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Voluntary Assisted Dying

Compassionate Dying and information for Catholics

I have come that you may have life, and life to the full. (John 10:10)

Euthanasia or Voluntary Assisted Dying (VAD) is a major legal, ethical, and social issue. Five states have passed legislation allowing VAD. NSW is the last State to put forward legislation. There is before the NSW parliament a bill proposing VAD, defined as ‘the administration of a VAD substance to a patient if the request and assessment process has been completed’. This process is called voluntary as it assumes that the person is competent consent to VAD.

Supporters of this bill are seeking to give individuals the ability to choose the time of their death. They aim to control the dying process, making it painless, clean, and quick. Unfortunately dying, like human life itself, is not that simple, is never without discomfort, and cannot be fully controlled. Often medical predictions of death are wildly inaccurate. This bill will require health care professionals and aged care facilities to assist this process, even if they object in conscience.

Palliative Community Care

Death, like birth, is a natural part of life. It should be cherished, celebrated, remembered with joy and come in time with the element of mystery. Dying is a necessary process to prepare to leave this human world. Palliative Care supports this process, optimising quality of life. While medicines can alleviate physical suffering, it is compassionate patient presence which alleviates spiritual and emotional pain.

Since all humans are interconnected, dying can be a communal process. It is not simply an individual choice. First Nations communities lead the way by honouring the dying. Compassionate dying calls us to suffer with a person through to death, to share their struggle and affirm their place in community. Unfortunately, the vulnerable of our society may be the ones disproportionately affected by this legislation. VAD will end a life but not solve any issues. The hurt caused will remain.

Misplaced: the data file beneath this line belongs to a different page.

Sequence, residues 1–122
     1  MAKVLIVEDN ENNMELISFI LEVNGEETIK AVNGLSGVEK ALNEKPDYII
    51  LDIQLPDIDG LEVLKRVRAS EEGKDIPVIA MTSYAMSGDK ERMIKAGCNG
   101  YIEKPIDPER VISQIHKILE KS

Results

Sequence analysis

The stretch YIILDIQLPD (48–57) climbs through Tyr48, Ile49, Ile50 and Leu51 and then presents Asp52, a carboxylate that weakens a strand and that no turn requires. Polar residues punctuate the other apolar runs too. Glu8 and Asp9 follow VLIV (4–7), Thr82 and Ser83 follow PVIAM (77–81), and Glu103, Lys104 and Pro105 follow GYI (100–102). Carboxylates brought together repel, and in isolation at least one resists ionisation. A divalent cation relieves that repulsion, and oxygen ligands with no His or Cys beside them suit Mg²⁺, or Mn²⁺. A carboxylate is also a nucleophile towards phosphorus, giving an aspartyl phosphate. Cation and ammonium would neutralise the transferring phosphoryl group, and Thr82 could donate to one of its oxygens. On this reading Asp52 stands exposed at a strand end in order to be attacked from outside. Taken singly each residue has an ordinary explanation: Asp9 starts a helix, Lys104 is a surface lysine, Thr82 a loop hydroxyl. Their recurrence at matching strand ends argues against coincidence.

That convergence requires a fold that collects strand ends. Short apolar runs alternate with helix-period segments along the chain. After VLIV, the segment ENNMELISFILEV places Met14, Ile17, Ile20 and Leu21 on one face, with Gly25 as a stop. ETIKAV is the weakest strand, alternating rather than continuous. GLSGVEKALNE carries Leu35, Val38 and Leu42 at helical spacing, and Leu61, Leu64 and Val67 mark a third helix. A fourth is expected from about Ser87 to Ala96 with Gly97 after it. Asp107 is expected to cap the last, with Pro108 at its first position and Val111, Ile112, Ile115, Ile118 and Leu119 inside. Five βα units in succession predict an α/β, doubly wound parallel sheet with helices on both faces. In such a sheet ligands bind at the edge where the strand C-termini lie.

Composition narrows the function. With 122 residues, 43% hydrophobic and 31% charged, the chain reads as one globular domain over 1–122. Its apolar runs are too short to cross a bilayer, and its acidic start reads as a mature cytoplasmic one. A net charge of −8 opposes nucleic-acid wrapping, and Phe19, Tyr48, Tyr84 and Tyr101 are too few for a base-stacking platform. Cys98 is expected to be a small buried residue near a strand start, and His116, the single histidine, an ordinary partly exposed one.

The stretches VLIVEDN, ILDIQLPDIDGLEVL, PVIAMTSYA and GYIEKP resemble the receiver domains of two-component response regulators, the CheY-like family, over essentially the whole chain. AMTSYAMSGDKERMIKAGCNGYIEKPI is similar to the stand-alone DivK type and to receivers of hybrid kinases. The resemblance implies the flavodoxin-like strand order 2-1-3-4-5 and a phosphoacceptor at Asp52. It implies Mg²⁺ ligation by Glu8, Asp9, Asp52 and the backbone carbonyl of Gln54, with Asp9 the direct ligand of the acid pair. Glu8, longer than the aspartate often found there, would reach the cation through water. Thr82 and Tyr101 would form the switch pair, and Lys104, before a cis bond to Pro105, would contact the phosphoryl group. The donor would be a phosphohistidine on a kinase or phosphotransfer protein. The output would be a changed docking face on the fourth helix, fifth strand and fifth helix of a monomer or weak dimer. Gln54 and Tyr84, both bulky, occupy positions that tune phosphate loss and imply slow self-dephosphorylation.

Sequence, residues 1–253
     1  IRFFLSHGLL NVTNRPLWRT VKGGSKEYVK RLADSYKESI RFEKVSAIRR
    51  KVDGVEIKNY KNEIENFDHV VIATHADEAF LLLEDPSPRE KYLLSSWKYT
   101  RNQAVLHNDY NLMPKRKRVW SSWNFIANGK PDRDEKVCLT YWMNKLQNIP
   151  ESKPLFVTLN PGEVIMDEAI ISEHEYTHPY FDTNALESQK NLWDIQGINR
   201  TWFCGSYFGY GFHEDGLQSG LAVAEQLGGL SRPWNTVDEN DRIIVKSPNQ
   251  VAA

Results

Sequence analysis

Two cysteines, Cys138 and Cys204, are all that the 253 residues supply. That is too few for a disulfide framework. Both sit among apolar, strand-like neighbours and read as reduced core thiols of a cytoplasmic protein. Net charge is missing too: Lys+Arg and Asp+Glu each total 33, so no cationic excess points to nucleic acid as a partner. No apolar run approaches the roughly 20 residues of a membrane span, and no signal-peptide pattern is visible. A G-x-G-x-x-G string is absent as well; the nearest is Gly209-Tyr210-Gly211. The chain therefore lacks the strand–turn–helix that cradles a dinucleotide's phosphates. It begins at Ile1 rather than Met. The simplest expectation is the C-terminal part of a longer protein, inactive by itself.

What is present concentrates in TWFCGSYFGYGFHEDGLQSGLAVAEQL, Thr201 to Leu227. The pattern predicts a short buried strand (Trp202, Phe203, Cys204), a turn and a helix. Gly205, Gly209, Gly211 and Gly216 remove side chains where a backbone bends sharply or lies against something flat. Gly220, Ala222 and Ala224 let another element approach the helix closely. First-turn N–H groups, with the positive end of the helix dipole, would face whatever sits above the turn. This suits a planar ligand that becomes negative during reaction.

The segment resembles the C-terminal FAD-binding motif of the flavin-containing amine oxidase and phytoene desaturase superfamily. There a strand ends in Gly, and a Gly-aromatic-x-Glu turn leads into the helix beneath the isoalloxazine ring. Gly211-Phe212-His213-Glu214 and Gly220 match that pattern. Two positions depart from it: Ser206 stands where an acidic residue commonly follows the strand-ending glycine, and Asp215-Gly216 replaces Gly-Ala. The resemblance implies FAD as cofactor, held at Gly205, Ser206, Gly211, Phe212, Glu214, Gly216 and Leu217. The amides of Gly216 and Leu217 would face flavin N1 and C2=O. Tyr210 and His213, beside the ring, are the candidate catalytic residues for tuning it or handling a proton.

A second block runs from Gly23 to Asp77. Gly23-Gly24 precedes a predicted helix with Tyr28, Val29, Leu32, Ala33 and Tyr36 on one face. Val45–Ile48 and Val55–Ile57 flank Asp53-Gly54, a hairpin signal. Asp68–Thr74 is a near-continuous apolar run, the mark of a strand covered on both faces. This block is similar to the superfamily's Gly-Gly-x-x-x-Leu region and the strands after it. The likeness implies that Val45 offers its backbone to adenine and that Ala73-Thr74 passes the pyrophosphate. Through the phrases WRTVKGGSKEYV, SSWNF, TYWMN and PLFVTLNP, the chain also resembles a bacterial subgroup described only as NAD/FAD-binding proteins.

A Compassionate Community

As we age and decline physically, we gradually lose control over our lives. We all like to have control over our destiny, but the human condition precludes our control over nature, and illness may interfere with our capacity to provide informed consent for VAD.

Compassionate dying.

Regardless of religious belief, this is a sacred time to prepare for the next journey.

The Church will always proclaim that human life is sacred. Beginning with the dignity of the human person, the Church promotes the good of all people and stands in solidarity with the suffering and vulnerable. We have an obligation to make ourselves the neighbour of every person and respond with compassion as we journey with them.


The possibility of euthanasia legislation in New South Wales will affect every single one of us, regardless of our age or health. It makes sense that each one of us is informed of the intentions and ramifications of any VAD legislation, so that we can have conversations with each other and make representations to parliamentarians as you see fit.

Please learn more about this legal, ethical and social issue and make your voice heard.

Further resources

A unique and compassionate palliative care service at St Vincent’s.

The Diocese of Lismore is unique in that it is the only Diocese in Australia that owns and operates an acute medical and surgical hospital, St Vincent’s Lismore.

The Palliative Care Unit at St Vincent’s Hospital provides unique and compassionate in-patient care for patients living with a life-limiting or terminal illness in the Far North Coast community. The unit also accepts public patients, so you don’t need private health cover to access the service.

A multidisciplinary team, including specialised palliative care nurses and specially trained volunteers, use a holistic approach to meet a patient’s physical, emotional, spiritual and social needs during their end-of-life journey.

The palliative care provided at St Vincent’s is different from the community services offered by the Lismore Base Hospital. Patients can be admitted at any stage of their illness (not just acute), including preparing families or patients who need assistance with end-of-life care at home.

The dedicated nine-bed unit offers a range of services including pain and symptom control and management, mobility support, speech therapists, dieticians and social work services, and pastoral care.  The unit also works closely with GPs to fulfil the families and patients’ wishes, providing continuity of care or handing over care to the unit.

St Vincent’s Hospital Medical Officer, Dr Michael Lambrou said “Our Palliative Care Unit works with GPs in a way that best suits them and their patients. It’s good for patients to see a friendly face and reassuring to know their GP is still on-hand.”

“Where possible we aim to fulfil families and patients’ wishes and to be as flexible as we can,” said Dr Lambrou.